The summer calls for a different reading list. Therefore, this list is not so much focused on the latest articles in art magazines but on novels. To stick to our program, we have selected four (fairly) recent novels, coincidentally all written by women, in which art plays a pivotal role.
Rachel Kushner has been writing about contemporary art for years and this is no different in her latest novel The Flamethrowers, which alternates between the New York art scene of the 1970s where the young, naive, provincial protagonist artist Reno tries to gain a foothold, the salt flats in Utah where she partakes in motorcycle competitions and makes documentary photography for her art projects and the bourgeois, perverted Italy of her older artist lover as well as the Italy of the radical movements of 1977. The different and widely diverging story lines (art, motorcycles, radicalism) sometimes hardly come together and there are rather long passages where one wonders why we need this new turn of events. But the novel has such a strong ending that the book and Reno stay with you long after you have forgotten about the typical gallery squabbles (who shows who? who is doing who?) that seems to enter every novel or film on art like a knee-jerk reaction.
The Woman Upstairs
For those not very fond of the angry-woman narrative, The Woman Upstairs starts with a rather hard to stomach couple of pages of angryness: “How angry am I? You don’t want to know.” is the opening sentence. But we do want to know! The book does not succeed in convincing us that the protagonist Nora Eldrigde, a self-proclaimed so-called woman upstairs who is nothing but a silent do-gooder, a nice girl who never claim any space for herself, is in fact really seriously angry.
The single, lonely, and childless at 42 Nora once aspired at being an artist and this dream is reawakened when she meets the Shahids: a Parisian/Lebanese/Italian family. She dreams their 8-year-old boy Reza to be hers, she falls in love with Sirena, an installation artist who has a breakthrough in the Paris and New York art scene and sort of sleeps with her husband Skandar. For a blissfull couple of months, Nora and Sirena share an industrial, loft-style studio space on the outskirts of New York where Sirena flourishes with the help of Nora and Nora herself makes a series of tiny dioramas of artists’ rooms, starting with Emily Dickinson. The descriptions of the artworks made by both women are a little hard to stomach at moments, the cliches pile up and the typical tropes are too manifest. However, here as well there is a clever ending to save the day in which Nora finds her most private moment of sexual abandon to have, unknowingly, become part of the video works by Sirena.
That art and life sometimes come very close together, was recently once again proven in the case of the Frenchman Patrick Vialaneix who stole a painting by Rembrandt (Child with a Soap Bubble) and kept it hidden for 15 years. He first saw the painting at the age of 13 during a museum visit with his mother and was instantly obsessed with it. But the painting and the secret drove Vialaneix almost literally mad and he handed it over this spring to the French police.
The Goldfinch by Donna Tartt shows uncanny similarities to this story, although she couldn’t have known of Vialaneix while working on her third, sturdy book. The stolen painting featuring inThe Goldfinch is the small masterpiece by Carel Fabritius (a celebrated student of Rembrandt of whom almost no works survived a gunpowder explosion in 1654) called The Goldfinch and hanging in the newly reopened Mauritshuis in The Hague.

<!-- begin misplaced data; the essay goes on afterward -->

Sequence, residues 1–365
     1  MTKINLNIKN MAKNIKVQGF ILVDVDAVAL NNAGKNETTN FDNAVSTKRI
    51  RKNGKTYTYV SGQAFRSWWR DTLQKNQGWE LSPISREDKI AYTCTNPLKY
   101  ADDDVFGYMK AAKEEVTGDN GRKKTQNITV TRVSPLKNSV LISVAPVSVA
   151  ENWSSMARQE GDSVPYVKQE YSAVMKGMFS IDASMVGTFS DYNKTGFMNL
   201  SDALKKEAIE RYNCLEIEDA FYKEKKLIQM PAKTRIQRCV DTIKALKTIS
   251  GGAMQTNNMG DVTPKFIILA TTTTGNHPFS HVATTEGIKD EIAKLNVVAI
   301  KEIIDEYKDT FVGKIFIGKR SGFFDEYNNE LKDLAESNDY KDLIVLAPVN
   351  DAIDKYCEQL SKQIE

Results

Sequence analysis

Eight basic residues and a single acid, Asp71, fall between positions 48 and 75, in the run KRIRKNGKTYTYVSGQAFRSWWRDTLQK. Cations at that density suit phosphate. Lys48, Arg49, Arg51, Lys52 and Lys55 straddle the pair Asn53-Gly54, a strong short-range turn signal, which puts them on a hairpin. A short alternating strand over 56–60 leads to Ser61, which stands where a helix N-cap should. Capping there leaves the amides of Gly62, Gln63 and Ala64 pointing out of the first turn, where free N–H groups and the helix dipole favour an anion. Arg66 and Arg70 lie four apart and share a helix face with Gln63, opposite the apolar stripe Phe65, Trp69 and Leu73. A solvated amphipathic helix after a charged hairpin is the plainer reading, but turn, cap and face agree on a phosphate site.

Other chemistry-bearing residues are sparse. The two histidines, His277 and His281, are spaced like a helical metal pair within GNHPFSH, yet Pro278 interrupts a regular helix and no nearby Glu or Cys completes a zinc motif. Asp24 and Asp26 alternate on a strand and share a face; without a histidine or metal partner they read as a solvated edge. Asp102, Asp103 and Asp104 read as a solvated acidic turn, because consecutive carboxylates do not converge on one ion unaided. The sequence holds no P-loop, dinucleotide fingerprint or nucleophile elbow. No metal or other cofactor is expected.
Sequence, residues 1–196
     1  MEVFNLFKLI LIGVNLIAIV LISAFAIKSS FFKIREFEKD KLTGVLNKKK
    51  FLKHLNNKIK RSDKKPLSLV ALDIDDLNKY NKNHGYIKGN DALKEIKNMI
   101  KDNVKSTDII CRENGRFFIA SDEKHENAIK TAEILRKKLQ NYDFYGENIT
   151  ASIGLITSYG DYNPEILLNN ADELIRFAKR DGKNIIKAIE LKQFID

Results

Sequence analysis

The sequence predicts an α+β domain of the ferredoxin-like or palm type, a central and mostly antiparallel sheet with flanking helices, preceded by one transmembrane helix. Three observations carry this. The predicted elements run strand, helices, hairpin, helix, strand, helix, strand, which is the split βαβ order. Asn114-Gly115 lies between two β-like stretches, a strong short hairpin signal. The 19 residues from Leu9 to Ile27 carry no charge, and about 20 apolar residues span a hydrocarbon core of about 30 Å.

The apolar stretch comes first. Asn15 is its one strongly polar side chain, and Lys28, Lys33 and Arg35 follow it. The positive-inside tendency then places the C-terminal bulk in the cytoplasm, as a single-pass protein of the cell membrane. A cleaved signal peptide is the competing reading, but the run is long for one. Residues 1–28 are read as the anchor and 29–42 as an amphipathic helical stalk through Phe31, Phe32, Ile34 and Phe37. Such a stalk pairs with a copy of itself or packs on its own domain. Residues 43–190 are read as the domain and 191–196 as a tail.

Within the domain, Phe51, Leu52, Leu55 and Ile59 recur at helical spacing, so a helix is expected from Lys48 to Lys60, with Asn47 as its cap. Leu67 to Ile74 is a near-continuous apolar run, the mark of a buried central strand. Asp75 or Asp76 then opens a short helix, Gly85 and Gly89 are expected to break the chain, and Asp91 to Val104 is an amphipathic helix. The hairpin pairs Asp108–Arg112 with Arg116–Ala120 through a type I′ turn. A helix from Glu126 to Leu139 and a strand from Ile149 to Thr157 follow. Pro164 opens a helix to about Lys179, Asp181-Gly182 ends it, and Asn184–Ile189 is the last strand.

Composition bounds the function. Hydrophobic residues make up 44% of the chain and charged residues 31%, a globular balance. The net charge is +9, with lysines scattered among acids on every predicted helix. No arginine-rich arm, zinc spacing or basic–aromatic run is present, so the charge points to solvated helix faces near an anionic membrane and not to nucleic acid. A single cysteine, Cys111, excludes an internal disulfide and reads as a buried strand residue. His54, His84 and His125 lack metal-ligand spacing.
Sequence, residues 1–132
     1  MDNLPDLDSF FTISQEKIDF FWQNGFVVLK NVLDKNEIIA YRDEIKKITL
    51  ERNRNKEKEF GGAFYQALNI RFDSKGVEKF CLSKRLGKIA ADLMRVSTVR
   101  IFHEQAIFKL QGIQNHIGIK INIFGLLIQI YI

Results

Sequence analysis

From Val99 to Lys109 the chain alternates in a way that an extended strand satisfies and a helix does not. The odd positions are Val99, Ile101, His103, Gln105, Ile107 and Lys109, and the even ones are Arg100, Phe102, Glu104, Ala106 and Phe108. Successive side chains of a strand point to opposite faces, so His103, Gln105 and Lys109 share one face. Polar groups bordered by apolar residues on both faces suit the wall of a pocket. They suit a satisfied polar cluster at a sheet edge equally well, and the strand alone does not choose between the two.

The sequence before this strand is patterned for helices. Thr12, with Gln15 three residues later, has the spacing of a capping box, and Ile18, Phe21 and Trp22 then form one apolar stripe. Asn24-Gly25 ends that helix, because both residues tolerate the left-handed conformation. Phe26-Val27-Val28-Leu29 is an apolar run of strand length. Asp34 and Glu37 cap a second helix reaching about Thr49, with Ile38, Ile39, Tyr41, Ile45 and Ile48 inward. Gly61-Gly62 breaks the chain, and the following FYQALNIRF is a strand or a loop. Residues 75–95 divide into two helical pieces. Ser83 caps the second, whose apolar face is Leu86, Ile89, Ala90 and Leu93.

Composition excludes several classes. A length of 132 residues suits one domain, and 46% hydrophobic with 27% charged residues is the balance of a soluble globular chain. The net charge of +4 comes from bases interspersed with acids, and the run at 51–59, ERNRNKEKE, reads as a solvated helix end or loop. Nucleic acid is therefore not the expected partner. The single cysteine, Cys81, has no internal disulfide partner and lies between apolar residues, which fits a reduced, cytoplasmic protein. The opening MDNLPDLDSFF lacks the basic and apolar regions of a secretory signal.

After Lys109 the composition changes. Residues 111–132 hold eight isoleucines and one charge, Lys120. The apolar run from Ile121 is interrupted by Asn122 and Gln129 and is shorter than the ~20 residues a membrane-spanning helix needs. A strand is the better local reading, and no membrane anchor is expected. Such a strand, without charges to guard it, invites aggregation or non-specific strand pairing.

The book opens with the protagonist Theo Decker rotting away in a hotel room in Amsterdam, too afraid to leave or call for help because of his involvement in murder, trafficking and theft. In this room and in his feverish state, he starts telling his story, how he came into possession of Fabritius’s tiny bird painting during an attack on a museum in New York, how he lost his beloved and adored mother during this attack, the living with different families and especially with his addicted father, the relieve he briefly finds in restoring and selling antiques, the many unexpected ways in which everything can and will go wrong for some people. Obsession runs like a red thread through this 700 plus pages novel.
The Blazing World
Maybe the most in-depth, investigative art novel on this list is The Blazing World by Siri Hustvedt, who has, like Kushner, written about contemporary art in previous books as well. At the heart of this novel is a cruel and condescending New York art world that favors “a cock and a pair of balls” to women any day. So yes, another angry-woman narrative but this one more compelling and believable. The protagonist Harriet Burden, an artist mainly known as the wife of a famous art dealer, asks three of her male contemporaries to show her work under their own names (and here too, the artwork in the shape of a diorama is present). These shows, called Maskings in the diaries of Burden, are “made” by the male artists Anton Tish (the young up and coming star), Phineas Eldridge (the enfant terrible) and Rune (the enigma) and are successful enough so that Burdens later claims to these shows are never fully believed.
The novel is constructed as an investigative biography by the fictional academic I. V. Hess who brings together testimonies, diaries (annotated by Hess and spiced with lots of footnotes on philosophy and art), interviews, essays, articles and letters years after the death of Burden. We learn of Burdens downfall, her anger, her struggles with Rune who is actually using her rather than the other way around through the mixed textual formats and various voices that sometimes make the book feel like doing homework but that at other times sweep you along in a journalistic quest with a nice who-done-it edge to it.